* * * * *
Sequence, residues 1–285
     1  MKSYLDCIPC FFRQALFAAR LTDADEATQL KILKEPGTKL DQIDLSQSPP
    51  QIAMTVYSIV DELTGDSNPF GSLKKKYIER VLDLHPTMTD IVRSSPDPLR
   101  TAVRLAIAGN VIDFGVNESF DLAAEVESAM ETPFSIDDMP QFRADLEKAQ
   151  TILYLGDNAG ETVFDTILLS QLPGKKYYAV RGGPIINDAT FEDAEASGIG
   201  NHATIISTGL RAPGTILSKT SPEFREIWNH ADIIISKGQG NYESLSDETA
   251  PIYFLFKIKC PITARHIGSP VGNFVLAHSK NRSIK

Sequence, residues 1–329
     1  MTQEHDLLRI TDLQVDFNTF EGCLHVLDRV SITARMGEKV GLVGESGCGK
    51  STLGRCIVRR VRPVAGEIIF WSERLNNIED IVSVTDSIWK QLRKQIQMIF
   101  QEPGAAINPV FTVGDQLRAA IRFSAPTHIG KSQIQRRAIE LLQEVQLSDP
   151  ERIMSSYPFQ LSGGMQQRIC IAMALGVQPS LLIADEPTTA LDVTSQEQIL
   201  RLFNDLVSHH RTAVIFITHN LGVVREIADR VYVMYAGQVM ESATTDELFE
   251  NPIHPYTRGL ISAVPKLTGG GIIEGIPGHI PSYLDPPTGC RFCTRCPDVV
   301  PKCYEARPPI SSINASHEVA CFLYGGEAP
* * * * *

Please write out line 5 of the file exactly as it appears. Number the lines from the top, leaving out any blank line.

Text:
   151  TILYLGDNAG ETVFDTILLS QLPGKKYYAV RGGPIINDAT FEDAEASGIG